Dave Douglas interviews John Zorn, Part 2

Concert of "Masada": Joey Baron (dr)...


From Greenleaf Music:


Part 2 of Dave Douglas’ sit down with John Zorn recorded on September 12th, 2013 at WNYU Studios. John talks about finding the language of the alto saxophone in the 70′s through an obsessive practice method, his approach to writing for recent pieces that pair through-composed elements with improvisers, and the leadership strategies of Gen. George S. Patton.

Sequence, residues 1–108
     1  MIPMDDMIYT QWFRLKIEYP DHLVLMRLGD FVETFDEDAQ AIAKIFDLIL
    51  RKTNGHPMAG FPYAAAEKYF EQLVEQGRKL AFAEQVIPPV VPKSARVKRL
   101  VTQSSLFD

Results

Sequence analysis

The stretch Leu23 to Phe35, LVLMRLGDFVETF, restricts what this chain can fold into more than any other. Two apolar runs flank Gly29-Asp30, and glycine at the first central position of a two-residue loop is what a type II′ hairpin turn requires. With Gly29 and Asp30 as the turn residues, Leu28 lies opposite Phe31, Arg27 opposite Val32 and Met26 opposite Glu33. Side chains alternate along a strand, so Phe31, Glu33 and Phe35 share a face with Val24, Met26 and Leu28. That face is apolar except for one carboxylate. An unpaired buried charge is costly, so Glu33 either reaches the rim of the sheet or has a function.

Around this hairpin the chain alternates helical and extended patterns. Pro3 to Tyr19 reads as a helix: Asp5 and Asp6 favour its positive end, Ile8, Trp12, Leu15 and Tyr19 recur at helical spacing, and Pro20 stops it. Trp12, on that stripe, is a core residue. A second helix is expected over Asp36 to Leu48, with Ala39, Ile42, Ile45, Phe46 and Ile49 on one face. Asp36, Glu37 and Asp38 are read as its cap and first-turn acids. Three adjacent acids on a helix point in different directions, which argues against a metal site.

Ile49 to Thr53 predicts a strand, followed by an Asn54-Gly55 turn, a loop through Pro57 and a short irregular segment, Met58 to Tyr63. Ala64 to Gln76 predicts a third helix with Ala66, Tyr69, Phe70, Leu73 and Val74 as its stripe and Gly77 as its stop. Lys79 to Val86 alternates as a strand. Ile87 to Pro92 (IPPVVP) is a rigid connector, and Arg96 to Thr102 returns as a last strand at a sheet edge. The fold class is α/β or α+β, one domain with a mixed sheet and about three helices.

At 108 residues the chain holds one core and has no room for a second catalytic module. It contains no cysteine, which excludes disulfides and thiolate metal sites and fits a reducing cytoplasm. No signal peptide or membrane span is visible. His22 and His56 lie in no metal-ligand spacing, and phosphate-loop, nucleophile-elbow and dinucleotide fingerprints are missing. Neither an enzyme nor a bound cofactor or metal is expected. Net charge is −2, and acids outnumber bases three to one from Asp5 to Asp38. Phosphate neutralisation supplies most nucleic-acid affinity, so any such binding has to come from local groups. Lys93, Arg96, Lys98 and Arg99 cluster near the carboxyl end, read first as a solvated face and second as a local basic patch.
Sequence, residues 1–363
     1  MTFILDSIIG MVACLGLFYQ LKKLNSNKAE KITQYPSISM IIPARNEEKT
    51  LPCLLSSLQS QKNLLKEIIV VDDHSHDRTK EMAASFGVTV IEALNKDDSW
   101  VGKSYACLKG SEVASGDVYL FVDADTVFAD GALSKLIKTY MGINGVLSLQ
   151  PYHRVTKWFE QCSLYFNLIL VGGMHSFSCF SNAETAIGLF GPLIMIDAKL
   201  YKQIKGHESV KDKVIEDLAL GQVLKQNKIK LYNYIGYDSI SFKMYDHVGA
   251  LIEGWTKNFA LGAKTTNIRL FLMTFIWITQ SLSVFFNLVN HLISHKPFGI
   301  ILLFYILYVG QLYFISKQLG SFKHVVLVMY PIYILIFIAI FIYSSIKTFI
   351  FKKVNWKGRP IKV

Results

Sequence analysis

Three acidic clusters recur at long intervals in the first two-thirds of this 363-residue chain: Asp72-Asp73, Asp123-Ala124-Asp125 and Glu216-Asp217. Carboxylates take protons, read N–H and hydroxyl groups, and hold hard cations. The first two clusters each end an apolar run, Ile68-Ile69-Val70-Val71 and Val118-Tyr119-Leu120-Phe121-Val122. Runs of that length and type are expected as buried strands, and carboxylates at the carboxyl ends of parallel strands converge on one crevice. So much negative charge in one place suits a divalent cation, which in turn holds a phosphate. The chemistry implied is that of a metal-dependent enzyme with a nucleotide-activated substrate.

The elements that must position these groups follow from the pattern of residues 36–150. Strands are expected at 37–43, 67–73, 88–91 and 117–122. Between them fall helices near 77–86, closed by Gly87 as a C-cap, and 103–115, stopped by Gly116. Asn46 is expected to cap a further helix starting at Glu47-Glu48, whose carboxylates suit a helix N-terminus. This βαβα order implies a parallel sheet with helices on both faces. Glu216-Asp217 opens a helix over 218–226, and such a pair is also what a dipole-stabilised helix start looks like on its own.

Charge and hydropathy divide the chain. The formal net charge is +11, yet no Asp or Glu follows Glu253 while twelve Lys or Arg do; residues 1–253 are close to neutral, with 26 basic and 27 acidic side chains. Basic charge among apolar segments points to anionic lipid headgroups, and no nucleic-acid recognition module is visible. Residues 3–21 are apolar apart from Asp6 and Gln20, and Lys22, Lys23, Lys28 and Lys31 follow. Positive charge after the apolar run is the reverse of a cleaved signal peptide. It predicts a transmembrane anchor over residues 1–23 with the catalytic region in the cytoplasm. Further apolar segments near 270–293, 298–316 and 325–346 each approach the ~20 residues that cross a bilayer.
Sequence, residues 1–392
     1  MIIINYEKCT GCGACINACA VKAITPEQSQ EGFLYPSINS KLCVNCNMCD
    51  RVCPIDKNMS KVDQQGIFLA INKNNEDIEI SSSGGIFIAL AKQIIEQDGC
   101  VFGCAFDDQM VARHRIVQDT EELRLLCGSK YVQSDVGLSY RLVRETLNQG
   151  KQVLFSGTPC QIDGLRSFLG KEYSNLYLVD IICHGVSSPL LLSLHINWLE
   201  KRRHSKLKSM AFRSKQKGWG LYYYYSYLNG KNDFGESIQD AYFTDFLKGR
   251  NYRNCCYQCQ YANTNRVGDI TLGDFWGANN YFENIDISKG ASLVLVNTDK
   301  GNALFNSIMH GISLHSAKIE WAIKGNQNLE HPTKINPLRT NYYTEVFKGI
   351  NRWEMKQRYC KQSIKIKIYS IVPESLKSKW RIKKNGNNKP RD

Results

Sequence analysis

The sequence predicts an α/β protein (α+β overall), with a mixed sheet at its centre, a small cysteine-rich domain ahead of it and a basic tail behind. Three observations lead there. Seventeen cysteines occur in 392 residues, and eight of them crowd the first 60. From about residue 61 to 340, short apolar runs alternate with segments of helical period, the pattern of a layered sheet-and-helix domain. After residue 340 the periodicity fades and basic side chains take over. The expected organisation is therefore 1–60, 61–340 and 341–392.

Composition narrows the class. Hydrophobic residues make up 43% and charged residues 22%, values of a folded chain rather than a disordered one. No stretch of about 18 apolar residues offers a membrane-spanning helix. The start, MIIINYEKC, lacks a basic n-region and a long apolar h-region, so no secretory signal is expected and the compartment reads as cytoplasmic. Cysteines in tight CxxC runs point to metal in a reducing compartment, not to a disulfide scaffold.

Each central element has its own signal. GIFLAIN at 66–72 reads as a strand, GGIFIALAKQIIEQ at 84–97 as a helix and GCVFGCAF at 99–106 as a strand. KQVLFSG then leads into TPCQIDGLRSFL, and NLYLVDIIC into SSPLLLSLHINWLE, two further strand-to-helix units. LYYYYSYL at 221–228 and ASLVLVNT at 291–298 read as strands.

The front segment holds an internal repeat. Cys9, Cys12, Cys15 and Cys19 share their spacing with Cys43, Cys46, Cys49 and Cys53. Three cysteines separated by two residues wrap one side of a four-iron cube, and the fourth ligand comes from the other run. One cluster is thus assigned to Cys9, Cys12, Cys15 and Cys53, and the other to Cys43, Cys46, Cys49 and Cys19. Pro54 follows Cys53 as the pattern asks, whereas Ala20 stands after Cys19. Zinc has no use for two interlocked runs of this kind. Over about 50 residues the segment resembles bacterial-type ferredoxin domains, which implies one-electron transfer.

Ingrid Laubrock Quintet at Cornelia Street Cafe 13 Dec 2013 Reviewed

Ingrid Laubrock
Ingrid Laubrock (Photo credit: Wikipedia)


From Jazz Right Now:


Fearless is the first word that comes to mind when I think about Ingrid Laubrock‘s music. Also, intrepid. Bold. Daring. Decisive. The bandleader remarked after the performance, “there’s nothing like performing new music with people who are up for taking risks … and these guys are not timid.” The band, which consists of Tim Berne (alto), Ben Gerstein (trombone), Dan Peck (tuba), and Tom Rainey (drums), explored plenty of new territory. The group grew out of Laubrock’s desire to form a band “with only horns and drums,” to give her recent compositions a voice and to experiment with texture